A greater understanding of the properties of materials at the smallest scale is transforming manufacturing. This is changing the way things are designed and produced, from light bulbs to batteries, cars and aircraft.
In the Economist’s latest Technology Quarterly (TQ) – a special section focusing on recent trends and developments in science and technology – Paul Markillie, the paper’s innovation editor and world-leading expert on the disruptive impact of new technologies, explores how advances in materials science are leading to a new age of designer materials for bespoke factories.
Key findings include:
- The days of trial and error in selecting materials for manufacturing are ending. The emergence of a “materials genome” will soon enable engineers to choose materials tailor-made for particular applications.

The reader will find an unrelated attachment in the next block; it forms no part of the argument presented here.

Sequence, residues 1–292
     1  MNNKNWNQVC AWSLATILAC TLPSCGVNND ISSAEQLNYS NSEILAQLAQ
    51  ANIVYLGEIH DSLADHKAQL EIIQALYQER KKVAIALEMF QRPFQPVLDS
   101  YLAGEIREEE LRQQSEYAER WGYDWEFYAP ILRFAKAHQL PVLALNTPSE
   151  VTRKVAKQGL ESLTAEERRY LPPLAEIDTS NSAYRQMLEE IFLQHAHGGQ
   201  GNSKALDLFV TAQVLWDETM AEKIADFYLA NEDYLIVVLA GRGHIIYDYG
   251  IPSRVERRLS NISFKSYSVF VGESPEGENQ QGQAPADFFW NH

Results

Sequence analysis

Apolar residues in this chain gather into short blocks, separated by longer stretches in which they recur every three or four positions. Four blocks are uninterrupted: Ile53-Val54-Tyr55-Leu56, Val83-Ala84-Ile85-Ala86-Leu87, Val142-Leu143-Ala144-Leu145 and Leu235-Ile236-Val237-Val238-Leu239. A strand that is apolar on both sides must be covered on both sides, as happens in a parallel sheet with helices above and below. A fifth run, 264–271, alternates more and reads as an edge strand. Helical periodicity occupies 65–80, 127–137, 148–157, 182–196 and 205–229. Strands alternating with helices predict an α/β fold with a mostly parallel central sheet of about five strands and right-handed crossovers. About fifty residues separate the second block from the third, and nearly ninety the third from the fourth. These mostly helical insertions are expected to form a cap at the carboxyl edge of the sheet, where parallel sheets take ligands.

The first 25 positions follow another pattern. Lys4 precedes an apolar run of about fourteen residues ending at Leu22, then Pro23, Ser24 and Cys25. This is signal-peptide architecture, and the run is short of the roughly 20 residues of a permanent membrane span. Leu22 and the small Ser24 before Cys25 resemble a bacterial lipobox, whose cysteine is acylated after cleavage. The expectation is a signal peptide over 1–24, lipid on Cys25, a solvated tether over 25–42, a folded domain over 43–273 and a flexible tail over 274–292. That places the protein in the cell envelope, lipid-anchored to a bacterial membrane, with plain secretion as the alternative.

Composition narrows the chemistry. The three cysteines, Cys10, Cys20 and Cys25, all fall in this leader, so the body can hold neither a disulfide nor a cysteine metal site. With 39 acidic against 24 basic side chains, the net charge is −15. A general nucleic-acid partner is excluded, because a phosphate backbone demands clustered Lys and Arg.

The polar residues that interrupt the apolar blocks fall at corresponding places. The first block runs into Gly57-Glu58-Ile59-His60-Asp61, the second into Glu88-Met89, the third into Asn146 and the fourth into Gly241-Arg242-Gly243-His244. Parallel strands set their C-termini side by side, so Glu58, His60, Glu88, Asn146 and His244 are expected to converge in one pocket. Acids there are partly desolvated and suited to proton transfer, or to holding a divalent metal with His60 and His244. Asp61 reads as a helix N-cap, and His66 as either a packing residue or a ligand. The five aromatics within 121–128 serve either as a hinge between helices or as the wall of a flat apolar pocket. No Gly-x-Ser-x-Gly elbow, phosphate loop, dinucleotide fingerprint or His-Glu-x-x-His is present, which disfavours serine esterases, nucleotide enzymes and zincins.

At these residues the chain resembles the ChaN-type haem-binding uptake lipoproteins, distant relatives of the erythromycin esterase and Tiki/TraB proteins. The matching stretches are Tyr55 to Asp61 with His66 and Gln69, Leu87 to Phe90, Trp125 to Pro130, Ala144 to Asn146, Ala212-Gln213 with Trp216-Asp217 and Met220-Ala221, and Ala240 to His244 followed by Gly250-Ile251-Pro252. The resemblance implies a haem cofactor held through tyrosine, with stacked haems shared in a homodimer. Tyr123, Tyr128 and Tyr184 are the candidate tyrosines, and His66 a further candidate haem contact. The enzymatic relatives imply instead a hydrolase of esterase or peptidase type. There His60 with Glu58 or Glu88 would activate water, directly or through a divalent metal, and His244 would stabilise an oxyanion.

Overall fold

- Engineering nanoparticles will allow breakthroughs such as rechargeable batteries that store much more power for laptops, smartphones and electric cars.
- New materials will require very different production techniques. Some cars are already being made from carbon-fibre composites without a weld or rivet in sight, and components for jet engines are produced by 3D printers.
Never before have manufacturers had such a choice of materials to work with. But to take full advantage of a range of novel properties they will have to learn to do things differently. That will mean reorganising factories, building new supply chains and ensuring that their workforce is up to speed.
Click here to check out the full report.
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